Minister of Education Reports
The Ten Commandments
Makes Society Civilized
We conclude our series of reports on the Ten Commandments and our quotes from the pen of David C. Gibbs, Jr. with this report. Last week we concluded with the following words from from John Adams, the second President of the United States: "'If thou shalt not covet:' and 'thou shalt not steal,' were not commandments of Heaven, they must be made inviolable precepts in every society before it can be made civilized or made free."
David Gibbs continues, "We can almost run through the alphabet listing the ills of our society: abortion, battery, cheating, divorce, envy, fighting, gambling, homosexuality, intolerance, juvenile delinquency, kidnapping, lying, murder, nastiness, out-rage, pornography, quarreling, rape, stealing, treason, usury, violence, and witchcraft. But our call as Christians is not to be overcome by evil, but to overcome evil with good. (Ro. 12:21)
Many Christians are choosing to overcome evil with good by calling our country back to its heritage, back to the Creator, back to ruling our actions by following the Ten Commandments…Representative Robert Aderholt has said, 'The Ten Commandments are the basis for probably most of the laws in this country. I believe that we as a culture need to have comfort in the fact that there are some moral absolutes.' Representative Bob Riley reminds us that 'our Constitution and the Bill of Rights are built on the foundations of ethics and morality found in the Ten Commandments.' Advocates for displaying the Ten Commandments on Ohio school grounds say that they 'are an expression of a universal moral code relevant to all humankind regardless of race, creed, culture, or religious orientation.'…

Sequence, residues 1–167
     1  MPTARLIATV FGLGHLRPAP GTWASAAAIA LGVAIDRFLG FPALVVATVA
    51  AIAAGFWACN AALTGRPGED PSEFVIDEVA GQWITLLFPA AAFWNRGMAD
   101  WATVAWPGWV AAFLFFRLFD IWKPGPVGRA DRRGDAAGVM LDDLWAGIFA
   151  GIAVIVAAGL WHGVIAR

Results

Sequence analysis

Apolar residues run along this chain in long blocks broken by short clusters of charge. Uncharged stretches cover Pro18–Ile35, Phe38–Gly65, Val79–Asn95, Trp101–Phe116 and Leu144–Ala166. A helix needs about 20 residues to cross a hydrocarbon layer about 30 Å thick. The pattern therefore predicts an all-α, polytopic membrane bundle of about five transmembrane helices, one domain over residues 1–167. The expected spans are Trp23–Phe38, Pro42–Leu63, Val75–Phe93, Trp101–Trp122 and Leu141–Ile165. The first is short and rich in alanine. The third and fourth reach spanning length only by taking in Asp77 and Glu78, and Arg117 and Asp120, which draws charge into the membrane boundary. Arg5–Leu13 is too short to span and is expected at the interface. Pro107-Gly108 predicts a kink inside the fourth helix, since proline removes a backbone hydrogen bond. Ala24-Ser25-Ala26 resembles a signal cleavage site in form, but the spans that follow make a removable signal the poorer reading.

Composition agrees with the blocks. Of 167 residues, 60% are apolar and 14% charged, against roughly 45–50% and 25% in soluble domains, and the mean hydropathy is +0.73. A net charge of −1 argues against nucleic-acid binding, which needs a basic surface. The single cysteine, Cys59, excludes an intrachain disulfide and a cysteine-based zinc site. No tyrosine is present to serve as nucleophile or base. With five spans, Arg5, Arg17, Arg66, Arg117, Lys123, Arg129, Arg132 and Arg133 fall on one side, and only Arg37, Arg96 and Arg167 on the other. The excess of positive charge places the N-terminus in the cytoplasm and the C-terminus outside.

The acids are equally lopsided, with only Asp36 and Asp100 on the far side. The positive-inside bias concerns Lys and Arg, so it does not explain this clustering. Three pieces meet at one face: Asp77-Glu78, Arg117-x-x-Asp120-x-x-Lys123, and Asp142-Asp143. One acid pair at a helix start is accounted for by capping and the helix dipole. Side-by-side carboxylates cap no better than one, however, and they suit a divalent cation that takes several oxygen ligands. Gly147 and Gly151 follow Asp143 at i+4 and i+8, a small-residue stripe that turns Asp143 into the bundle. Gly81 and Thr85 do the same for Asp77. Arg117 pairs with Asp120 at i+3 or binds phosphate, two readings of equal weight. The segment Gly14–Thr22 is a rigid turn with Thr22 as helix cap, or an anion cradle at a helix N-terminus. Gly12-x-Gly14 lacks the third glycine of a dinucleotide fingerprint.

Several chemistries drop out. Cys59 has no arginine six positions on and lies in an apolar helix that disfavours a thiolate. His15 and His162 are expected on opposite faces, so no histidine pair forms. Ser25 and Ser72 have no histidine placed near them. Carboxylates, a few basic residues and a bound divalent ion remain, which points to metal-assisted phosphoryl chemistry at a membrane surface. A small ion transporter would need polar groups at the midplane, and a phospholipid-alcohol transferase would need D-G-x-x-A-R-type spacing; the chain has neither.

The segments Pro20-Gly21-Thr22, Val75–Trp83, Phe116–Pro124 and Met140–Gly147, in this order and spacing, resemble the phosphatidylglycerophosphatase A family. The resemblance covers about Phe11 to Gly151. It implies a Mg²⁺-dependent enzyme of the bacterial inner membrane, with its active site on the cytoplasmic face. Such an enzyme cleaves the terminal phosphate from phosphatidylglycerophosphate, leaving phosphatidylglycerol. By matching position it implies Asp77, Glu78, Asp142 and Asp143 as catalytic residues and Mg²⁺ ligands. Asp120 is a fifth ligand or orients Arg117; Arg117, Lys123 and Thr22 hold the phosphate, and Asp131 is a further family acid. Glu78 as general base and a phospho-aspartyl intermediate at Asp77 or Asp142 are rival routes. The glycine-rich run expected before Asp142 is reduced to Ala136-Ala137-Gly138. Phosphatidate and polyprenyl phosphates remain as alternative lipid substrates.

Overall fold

No one pretends that displaying the Ten Commandments will answer all of society's problems. But it seems a step toward reawakening that government of self upon which the Founders said American freedom was dependent. As Pastor Gary Dull of Altoona, Pennsylvania, said: 'Placing the Ten Commandments before the young people would be a positive step that in time would develop solid moral character in the lives of those who determined to live according to what the Decalogue teaches.'"
P. O. Box 752
Buchanan, Georgia 30113